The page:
GCAT: General Catalog of Artificial Space Objects

Jonathan C. McDowell

Space Organizations

The Space Organizations Catalog

GCAT Release 1.1.6 (2020 Sep 25) | Data Update 2020 Nov 26

Introduction


In catalogs, review papers and databases describing or tabulating artificial satellites, space launches and other astronautical events, it is often necessary or useful to report the country of origin, owner organization, and/or manufacturer of the object of interest. This can be problematic as there is no standard way to refer to a particular organization. Organizations or parts of organizations are frequently sold, merge, or otherwise change their names, potentially concealing continuity in design of their spacecraft.


For my purposes, an `organization' can be any named and spacetime-localized entity including


In this paper I present a scheme - the `Org Code' - for referring to space organizations and a database of such organizations. The scheme and associated database were developed to address this problem for the General Catalog of Artifical Space Objects (GCASO, McDowell 2020 in prep.), but I hope it will be found generally useful as no other comparable public dataset exists. In a forthcoming aricle I will also describe a second database of launch sites and launch pads, which uses a closely related format.


The organizations database generally includes only owner/operator and prime contractors for already-launched spacecraft, stages, stage main propulsion engines, etc., not subsystem level contractors, data analysis organizations, nor (with some exceptions) organizations involved only in missions whose launch is not yet imminent.


Although most documents describe satellite ownership and manufacture at the level of a headquarters parent agency or corporation (NASA, Boeing, Roskosmos, JAXA), I find it more illuminating to follow events at the level of a single operating location - an agency center like NASA-Goddard, or a factory/design organization like McDonnell Douglas/Huntingdon Beach (now Boeing). I assign a short alphanumeric code, the Org Code, to each such operating location.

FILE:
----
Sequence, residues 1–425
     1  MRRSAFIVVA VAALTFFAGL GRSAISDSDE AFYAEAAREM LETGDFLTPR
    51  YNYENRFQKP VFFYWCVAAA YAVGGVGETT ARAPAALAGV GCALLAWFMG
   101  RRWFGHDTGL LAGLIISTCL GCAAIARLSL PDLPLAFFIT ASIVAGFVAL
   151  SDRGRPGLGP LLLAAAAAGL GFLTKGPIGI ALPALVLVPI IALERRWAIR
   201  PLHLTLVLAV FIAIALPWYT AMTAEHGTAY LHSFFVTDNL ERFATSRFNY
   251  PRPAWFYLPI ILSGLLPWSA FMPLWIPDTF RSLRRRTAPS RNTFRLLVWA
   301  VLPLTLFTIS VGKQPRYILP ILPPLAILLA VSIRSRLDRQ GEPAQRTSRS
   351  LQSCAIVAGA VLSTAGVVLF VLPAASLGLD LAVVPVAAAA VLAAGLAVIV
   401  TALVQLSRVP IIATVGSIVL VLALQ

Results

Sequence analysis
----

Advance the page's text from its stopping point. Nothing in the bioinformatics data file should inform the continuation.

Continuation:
Below: map showing geographic distribution of all organizations in the database (click for larger version)


The Org Code

Allowed characters

The GCASO Org Code scheme presented here uses a unique string of 1 to 8 characters to refer to an organization. Allowed characters are the digits 0-9, the ASCII upper case letters A to Z, and the dash (minus-sign). Some examples of the Org Code are: I-ESRO, SWRIB, B, 44FA2, IQ223, NASA.

Code and UCode: Organization phases

We want to track the time evolution of an organization as it changes outward identity at the same location. Each change marks the start of a new 'phase' which gets a new Org Code, but also has an associated `` UCode '' (unified code) which is the same for all of the phases (and is usually, but not necessarily, the Org Code of the first phase).


For example, let us consider the Palo Alto, California location of Ford Aerospace. I assign this the UCode FORDA, with a series of phases:


CodeUCodeNameDates
PHLPFORDAPhilco Western Development Labs (WDL)1957-1966